In Notes From Left of the Dial this week, spends time with new music from Annabelle’s Curse, City Mouse, Oak House and Rosie Carney. What have you been listening to this week?

Annabelle’s Curse, “Be Here Now”
The work of alt folk outfit Annabelle’s Curse is grounded in the breezy rhythms and spacious melodies inherent to the history of traditional folk and bluegrass. But there’s more to their sound than a checklist of influences-they mold these familiar sounds into oddly built soundscapes and textures. Where most bands would be content to associate themselves tangentially to this lineage, Annabelle’s Curse wants much more from their inspirations. And over the course of their past few records, the band has gone from exploring the acoustic aspects of these genres to working their way through a more electrified musical environment.

On their new single, “Be Here Now” (taken from forthcoming EP “Here & Now”), the band shuffles through a bucolic preoccupation with the ways the electric and acoustic sides of their various personalities maintain a precarious balance. They still owe an allegiance to the rustic ruminations of their musical ancestors, but there’s also an urge to break away from those same sounds. They blend these divergent rhythmic ideologies perfectly, resulting in a pastoral explosion that sends bits of electric and acoustic guitars in all directions. Blending their voices together in a beautiful racket, the band infuses this track with a complex and unpredictable melodic motivation.


City Mouse, “Bloodshot Eyes”
Formed in 2013, Atlanta-based City Mouse (AKA Brian Revels, Jenna Mobley and Michael Hudgins) basks in a distinctly energized Americana sound. After a period of extensive touring, however, the band was reduced to being a Revels solo project-although he continues to have help from a cadre of various Atlanta musicians. The latest record to bear the City Mouse name will be released sometime later this year and features contributions from all original members of the band. Dubbed “The Sanguine Sessions,” these songs are drawn from real and imagined experiences, and possess a candid wit and wisdom that influence every movement that the music makes.

On recent single “Bloodshot Eyes,” Revels and his musical compatriots fashion a churning Appalachia-inspired waltz that evokes wind-swept hills and fog-covered fields buried deep within wooded mountains. Bringing to mind the music of Ryan Adams and Cass McCombs, the song reveals expansive string arrangements and a delicate folk inspiration that shivers and shakes in the cool evening air. Throughout the track, we’re given a series of emotional revelations that show how love and its all-encompassing perspective can help drag us out of some very bad habits. We’re greeted by the strum of an acoustic guitar and given a tour of the wondrous noise that surrounds us at any given time.

Oak House, “Esque”
Some musicians work best when focused on a single sound, where they’re able to pinpoint their strength and hone in on some specific musical ideology. However, other bands prefer to mix things up, to crank up the experimentation and dive headfirst into the unknown. For Athens, Georgia, band Oak House, the tendency is to shred expectation and go for the heart of their wildly unpredictable influences. They mix a heady rush of grunge, psych, indie rock and experimental noise in their never-ending search for the noise that echoes throughout their collective subconscious. And with the release of their upcoming record, “Hot or Mood,” the band looks to further cement their eclectic perspective.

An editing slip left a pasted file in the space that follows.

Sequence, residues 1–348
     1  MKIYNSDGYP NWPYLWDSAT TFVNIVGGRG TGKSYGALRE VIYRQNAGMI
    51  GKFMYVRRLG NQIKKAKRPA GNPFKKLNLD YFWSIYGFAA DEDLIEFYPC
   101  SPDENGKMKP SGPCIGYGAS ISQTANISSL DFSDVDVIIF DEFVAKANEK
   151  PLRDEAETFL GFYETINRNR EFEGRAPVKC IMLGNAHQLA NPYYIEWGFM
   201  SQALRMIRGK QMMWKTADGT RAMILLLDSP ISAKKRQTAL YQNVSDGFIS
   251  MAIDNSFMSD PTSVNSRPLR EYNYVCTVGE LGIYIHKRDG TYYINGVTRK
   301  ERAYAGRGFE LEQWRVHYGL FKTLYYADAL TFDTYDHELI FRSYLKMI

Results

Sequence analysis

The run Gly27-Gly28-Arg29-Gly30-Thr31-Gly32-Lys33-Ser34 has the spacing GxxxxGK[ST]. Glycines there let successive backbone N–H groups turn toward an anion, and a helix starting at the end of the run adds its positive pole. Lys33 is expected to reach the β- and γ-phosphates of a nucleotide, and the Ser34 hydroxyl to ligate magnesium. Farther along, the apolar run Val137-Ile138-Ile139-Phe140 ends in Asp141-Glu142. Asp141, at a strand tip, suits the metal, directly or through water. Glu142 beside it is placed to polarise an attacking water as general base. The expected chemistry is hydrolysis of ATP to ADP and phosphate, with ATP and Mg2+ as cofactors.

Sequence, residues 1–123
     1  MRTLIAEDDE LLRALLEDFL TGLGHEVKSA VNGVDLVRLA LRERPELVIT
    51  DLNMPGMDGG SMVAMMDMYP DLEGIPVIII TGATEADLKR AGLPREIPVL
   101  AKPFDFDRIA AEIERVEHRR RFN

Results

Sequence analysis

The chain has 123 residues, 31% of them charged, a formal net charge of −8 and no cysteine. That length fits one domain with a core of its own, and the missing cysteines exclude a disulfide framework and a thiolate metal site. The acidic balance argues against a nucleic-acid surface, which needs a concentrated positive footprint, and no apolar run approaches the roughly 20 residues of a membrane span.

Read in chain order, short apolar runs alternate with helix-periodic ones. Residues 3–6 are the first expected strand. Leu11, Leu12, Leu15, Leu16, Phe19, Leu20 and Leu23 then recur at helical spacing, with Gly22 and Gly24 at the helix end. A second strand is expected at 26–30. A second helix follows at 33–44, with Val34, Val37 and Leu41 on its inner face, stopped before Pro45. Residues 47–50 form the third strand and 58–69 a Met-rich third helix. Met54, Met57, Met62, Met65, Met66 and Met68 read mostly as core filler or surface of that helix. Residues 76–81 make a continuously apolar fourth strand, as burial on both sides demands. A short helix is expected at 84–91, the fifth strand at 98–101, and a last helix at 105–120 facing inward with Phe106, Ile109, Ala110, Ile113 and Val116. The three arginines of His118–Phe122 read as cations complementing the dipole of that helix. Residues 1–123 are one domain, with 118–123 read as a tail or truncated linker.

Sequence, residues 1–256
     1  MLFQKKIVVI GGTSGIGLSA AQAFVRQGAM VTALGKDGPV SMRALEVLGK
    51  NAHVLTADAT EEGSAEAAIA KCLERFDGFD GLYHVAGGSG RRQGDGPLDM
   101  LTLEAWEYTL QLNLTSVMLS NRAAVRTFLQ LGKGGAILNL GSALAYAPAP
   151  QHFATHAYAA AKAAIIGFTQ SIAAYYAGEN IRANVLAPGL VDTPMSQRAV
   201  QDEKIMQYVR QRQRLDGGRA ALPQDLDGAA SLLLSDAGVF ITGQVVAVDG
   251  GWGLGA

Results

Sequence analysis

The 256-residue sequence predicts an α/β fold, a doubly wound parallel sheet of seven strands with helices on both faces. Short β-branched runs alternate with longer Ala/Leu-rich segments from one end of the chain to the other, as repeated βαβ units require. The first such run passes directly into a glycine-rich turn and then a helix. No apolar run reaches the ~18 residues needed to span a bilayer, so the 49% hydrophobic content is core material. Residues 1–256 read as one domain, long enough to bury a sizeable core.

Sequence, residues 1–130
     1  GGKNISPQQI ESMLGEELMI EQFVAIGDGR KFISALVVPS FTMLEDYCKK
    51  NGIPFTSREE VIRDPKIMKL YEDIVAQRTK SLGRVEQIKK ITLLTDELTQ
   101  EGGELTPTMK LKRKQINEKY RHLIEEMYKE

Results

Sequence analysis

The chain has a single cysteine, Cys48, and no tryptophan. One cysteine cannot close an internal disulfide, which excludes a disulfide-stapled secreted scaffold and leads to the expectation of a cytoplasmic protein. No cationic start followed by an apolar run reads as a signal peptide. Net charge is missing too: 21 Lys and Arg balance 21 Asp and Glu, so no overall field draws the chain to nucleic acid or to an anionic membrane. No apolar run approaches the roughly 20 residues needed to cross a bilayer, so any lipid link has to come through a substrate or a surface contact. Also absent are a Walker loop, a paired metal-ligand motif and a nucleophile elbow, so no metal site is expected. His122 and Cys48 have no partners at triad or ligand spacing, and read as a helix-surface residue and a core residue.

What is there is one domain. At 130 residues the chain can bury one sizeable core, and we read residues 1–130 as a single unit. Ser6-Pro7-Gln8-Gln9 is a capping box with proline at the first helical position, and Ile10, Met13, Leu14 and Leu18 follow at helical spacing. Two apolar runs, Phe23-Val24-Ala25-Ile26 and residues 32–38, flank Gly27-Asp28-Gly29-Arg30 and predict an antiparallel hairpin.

With their new song, “Esque,” they take a handful of sounds and compact them tightly in their hands, creating a mishmash of rhythms and patterns that contract and expand in regular increments. Tossing in bits of classical influence with a bit of guitar-driven rock, they form a cloudy haze of ecstatic sensation and rambunctious melodicism. Balancing measured vocals (courtesy of singer-guitarist Gresham Cash) with whizzing electronics and a complex rhythm section, this track is a perfect example of Oak House’s evocatively disparate aesthetic. But like a dream, it’s only after the fact that any individual moment calls attention to itself. As the music soars and spikes, it all feels bound within a cohesive musical persuasion.

Rosie Carney, “Awake Me”
Irish songwriter Rosie Carney enjoys the relevance of communal melodies and shared musical associations. Her work is inclusive but specific-the emotions and experiences that she wanders through to find her purpose are dense and complicated, but she travails them with little apparent difficulty. With a voice that seems to hover between our world and someplace much more intangible, she conjures restless spirits and gauzy textures that help shape her impressionistic folk visions. Despite her youthful appearance, Carney holds to some distinctly mature themes and ideas. For her, age isn’t a prerequisite for knowledge, as within her layered experiences lays a truly heartbreaking understanding of the world around her.

For the video to her latest song, “Awake Me,” Carney opts for an ethereal casing, a cocoon of warmth and ghostly emotion that completely wraps around you. Built around her powerful and persuasive voice, this song shows that subtle arrangements and simple emotion can feel as devastating as the loudest burst of anger. As we follow Carney through an abandoned house and adjacent woods, it feels as though we’re given an intimate glimpse into her cloistered world, a brief but gorgeous tour through her inspirations. Propelled by a soft but constant bit of guitar work, “Awake Me” finds her reveling in haunting catharses and a tender emotional inclusion-it’s soothing and spectral.

Joshua Pickard covers local and national music, film and other aspects of pop culture. You can contact him on Facebook, Twitter or by email. The opinions expressed in this column belong solely to the author, not or its employees.